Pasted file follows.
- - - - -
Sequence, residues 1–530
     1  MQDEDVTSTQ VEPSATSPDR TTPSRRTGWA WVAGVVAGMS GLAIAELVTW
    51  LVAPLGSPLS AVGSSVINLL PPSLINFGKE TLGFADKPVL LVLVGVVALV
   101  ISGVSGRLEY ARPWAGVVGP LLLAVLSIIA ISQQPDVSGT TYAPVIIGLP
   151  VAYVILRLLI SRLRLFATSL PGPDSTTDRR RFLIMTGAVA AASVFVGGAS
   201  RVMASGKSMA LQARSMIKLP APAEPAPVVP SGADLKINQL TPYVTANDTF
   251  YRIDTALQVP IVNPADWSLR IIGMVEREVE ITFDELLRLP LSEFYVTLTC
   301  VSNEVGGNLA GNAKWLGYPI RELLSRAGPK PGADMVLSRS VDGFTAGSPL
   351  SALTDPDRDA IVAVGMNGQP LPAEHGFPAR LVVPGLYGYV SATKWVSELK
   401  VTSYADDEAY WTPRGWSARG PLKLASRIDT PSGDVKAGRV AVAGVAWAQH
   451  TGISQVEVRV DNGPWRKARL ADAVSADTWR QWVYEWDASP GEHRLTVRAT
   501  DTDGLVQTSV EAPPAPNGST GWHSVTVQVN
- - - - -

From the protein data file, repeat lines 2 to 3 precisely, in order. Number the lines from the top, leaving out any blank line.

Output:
     1  MQDEDVTSTQ VEPSATSPDR TTPSRRTGWA WVAGVVAGMS GLAIAELVTW
    51  LVAPLGSPLS AVGSSVINLL PPSLINFGKE TLGFADKPVL LVLVGVVALV